On weekends, their children help out in cultivating their garden. Their humble backyard garden grew gradually that they are now able to sell fresh produce to some known local companies who advocate organic farming. They sell their produce for up to P 45 pesos per kilo.

Dako gyud kaayo og gitabang ang Pantawid Pamilya ilabi na kadtong pagsugod sa El Nino. Ang programa mao ang nag-amuma sa amoa sa panahon nga hinay ang among kita sa pagpananom (The program has greatly helped especially during the onset of El Nino. It was the program that aided us during the lean months),” said Ma. Lorena.

Maglagot gyud ko nga naay moingon nga dole out ang Pantawid kay kung buot huna-hunaon dako gyud kaayo og gikatabang ang programa sa amoa nga nanginahanglan. (I am angered when people say that Pantawid is dole out because in reality, the program has significantly helped those in need).”

The Sarino Family is one of the 306 families in Barangay Tigatto whose lives have gradually changed for the better.

Wala gyud mi nakalampos og high school sa akoang bana busa malipayon mi nga naa ang programa nga motuman ana nga pangandoy para sa amoang mga anak (My husband and I did not finish high school hence we are happy that Pantawid is here to fulfill our dreams for our children),” Ma. Lorena gratefully admitted.

At present, Pantawid Pamilya is helping 234,556 families in 43 municipalities, 6 cities covering all 5 provinces, in keeping their children healthy and in school. The program also has 29,884 IP beneficiaries in Davao Region under the Modified Conditional Cash Transfer for Indigenous Peoples (MCCT-IP). (DSWD)


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1034 Pantawid grantees graduate in tech-voc

DAVAO CITY (DSWD XI) – At least 1034 beneficiaries of Pantawid Pamilyang Pilipino Program in Davao Region have completed technical-vocational course from Southern Mindanao Institute of Technology and Endonela Institute of Technology Foundation.

The Pantawid beneficiaries were identified through the employment facilitation track of Sustainable Livelihood Program (SLP) of the Department of Social Welfare and Development (DSWD).

Mercedita P. Jabagat, Director of DSWD said, one of the thrusts of the Department is to access active partner-beneficiaries of Pantawid Pamilya to livelihood opportunities to help them improve their level of well-being and break the cycle of poverty.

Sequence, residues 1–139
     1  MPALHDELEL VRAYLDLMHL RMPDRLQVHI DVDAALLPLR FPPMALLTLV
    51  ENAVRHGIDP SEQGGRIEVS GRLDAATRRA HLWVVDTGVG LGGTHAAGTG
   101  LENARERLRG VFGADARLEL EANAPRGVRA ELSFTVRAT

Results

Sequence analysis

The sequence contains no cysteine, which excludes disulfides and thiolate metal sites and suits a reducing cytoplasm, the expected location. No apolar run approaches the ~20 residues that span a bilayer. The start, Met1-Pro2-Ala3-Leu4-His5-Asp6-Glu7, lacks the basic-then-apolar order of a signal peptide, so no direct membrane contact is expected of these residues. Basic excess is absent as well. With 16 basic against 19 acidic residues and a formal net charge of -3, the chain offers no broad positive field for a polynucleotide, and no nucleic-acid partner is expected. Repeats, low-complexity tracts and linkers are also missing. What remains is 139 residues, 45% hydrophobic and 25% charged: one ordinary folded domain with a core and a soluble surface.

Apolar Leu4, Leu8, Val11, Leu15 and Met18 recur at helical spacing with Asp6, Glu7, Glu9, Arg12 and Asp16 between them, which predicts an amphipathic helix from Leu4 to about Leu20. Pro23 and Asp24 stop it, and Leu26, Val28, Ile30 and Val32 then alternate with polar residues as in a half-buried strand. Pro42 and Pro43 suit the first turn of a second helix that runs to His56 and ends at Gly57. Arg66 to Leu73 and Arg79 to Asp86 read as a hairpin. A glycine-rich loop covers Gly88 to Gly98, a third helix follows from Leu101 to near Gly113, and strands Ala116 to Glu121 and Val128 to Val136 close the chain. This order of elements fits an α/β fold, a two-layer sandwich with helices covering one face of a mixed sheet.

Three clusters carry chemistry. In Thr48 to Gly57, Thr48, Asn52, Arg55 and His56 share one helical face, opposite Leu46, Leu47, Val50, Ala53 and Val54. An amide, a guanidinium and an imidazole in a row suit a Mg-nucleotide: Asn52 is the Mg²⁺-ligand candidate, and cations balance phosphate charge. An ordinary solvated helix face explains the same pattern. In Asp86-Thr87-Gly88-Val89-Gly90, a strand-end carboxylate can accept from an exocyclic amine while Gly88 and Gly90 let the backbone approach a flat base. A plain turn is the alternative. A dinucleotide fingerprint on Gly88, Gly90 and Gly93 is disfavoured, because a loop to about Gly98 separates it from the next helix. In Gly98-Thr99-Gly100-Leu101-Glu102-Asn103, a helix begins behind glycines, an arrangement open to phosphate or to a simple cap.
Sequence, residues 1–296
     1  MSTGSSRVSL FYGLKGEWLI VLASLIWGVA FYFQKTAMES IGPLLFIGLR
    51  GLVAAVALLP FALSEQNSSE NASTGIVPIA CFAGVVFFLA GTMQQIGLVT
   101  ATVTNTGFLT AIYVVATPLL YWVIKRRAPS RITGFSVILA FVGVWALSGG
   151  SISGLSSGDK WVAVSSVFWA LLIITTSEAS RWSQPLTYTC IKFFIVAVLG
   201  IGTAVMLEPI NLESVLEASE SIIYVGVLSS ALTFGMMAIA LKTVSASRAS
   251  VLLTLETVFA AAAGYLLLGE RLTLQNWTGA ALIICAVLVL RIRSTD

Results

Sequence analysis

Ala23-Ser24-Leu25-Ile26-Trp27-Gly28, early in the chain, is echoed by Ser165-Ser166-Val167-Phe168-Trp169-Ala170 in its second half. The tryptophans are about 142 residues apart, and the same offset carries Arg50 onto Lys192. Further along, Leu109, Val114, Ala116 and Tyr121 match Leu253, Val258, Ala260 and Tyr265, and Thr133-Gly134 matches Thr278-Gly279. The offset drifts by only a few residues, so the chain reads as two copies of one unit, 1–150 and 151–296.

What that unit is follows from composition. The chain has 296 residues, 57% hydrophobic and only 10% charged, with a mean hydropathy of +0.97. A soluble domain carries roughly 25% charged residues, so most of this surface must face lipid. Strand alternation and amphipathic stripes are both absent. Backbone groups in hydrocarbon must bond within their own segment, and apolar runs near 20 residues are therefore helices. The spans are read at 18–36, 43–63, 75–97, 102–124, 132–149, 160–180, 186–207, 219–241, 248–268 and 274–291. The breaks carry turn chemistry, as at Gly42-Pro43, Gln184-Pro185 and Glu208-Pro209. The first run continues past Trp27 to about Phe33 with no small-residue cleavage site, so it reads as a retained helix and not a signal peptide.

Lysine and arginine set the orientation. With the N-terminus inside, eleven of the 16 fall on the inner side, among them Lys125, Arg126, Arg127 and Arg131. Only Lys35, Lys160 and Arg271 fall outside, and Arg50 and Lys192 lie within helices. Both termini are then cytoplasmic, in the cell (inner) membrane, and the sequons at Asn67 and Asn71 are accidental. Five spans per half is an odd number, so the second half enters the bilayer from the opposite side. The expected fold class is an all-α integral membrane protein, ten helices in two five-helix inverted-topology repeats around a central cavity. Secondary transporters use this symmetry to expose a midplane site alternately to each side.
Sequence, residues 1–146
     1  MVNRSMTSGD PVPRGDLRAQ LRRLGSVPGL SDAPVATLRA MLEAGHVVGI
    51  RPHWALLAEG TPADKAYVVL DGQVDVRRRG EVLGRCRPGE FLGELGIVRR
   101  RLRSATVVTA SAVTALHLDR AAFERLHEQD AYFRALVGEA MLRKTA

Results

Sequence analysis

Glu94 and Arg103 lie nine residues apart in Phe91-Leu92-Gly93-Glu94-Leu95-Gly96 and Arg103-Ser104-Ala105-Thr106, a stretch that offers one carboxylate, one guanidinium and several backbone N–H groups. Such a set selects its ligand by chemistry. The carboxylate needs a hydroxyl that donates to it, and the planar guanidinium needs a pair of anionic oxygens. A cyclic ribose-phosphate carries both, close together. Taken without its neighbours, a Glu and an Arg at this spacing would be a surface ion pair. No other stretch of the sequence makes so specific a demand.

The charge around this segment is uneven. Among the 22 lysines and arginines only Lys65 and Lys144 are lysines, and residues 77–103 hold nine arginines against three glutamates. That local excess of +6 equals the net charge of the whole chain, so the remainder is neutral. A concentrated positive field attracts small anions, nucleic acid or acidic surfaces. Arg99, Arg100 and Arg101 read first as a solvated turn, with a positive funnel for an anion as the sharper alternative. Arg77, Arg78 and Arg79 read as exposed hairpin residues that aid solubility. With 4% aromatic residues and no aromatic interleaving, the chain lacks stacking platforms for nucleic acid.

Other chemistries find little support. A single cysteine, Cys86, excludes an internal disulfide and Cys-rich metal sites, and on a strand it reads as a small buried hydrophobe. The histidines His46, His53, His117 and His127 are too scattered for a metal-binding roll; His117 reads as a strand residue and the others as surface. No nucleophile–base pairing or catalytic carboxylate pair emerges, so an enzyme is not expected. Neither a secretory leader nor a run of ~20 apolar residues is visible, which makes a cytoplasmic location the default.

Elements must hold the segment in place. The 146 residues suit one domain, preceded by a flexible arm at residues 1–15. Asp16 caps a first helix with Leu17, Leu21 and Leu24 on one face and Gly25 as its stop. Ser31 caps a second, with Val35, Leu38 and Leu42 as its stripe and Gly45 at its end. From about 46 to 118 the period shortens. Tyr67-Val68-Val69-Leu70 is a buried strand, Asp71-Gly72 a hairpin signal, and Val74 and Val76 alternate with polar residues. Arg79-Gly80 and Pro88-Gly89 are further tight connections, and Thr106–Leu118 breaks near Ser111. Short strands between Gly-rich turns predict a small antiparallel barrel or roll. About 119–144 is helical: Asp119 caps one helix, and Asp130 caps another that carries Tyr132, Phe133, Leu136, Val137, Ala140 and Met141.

“We are happy to announce the successful engagement of our Pantawid recipients in these technical courses which could readily link them to possible employment. This is the first batch of graduates and we are targeting more members of Pantawid families to participate,” Director Jabagat said.

DSWD records show that 208 graduated in Automotive Servicing – National Competency II (NC II), 239 in Shielded Metal Arc Welding, 30 in Cellular Phone Repair, 120 in Carpentry, 120 in Massage Therapy Leading to NC II, 89 in Computer Hardware Servicing NC II, 30 in Security Services NC II, 38 in Construction Painting NC II, 60 in Housekeeping NC II, 40 in Driving NC II, and 60 in Beauty Care NC II.

Pantawid Pamilya is a poverty-alleviation program of the national government. It provides conditional cash assistance to identified poor families. The family beneficiaries must comply with conditions on health, education and attendance to the monthly-held Family Development Session to claim their cash grants.

On the other hand, SLP is a community-based capacity building program that seeks to improve the socio-economic status of family recipients, in partnership with local governments, national government and non-government agencies.

SLP is implemented through two tracks -Micro-Enterprise Development (MED) and Employment Facilitation (EF). MED track supports micro-enterprises for organizational and economic viability while EF track assists beneficiaries in accessing appropriate employment opportunities. (DSWD)



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Pantawid parent leader as public servant

Pantwid Pamilya parent leader Melina Honrada.

COMPOSTELA, Compostela Valley Province (DSWD XI) – “Opportunities don’t just happen. You have to create them,” Pantawid Pamilya beneficiary and Parent Leader Melina P. Honrada declared.

Having been a Pantawid parent leader in Barangay Ngan for years now, Melina now traverses over a new career path as a newly-hired Local Government Unit Link (LGU Link) in their municipality.

As LGU Link, Melina assists in the conduct of Pantawid Pamilya activities like subsidy payouts, Family Development Sessions, updating of beneficiary profile, among others. Presently, she also sits as acting livelihood focal in the locality.

Sa una naga volunteer lang gyud ko sa amoang munisipyo sa ilang mga activities. Wala ko nagdahum nga mamahimo nako nga parte sa ilang empleyado (I was just a volunteer before in different activities in our municipality. I didn’t expect that I will become an employee),”Melina happily narrated.

Melina graduated in Computer Secretarial. She has two children. Her husband Roberto is a welder. Melina balances her time now, between serving the community as a parent leader, as a mother and, as public servant.

Sa una nga wala gyud ang Pantawid, pait jud kaayo amoang kinabuhi. Usahay ga laborer lang mi sa koprahan para naay pagkaon sa lamesa (Before we became grantees of Pantawid, our life was really hard. There were times we had to work as copra laborers just to put food on the table).”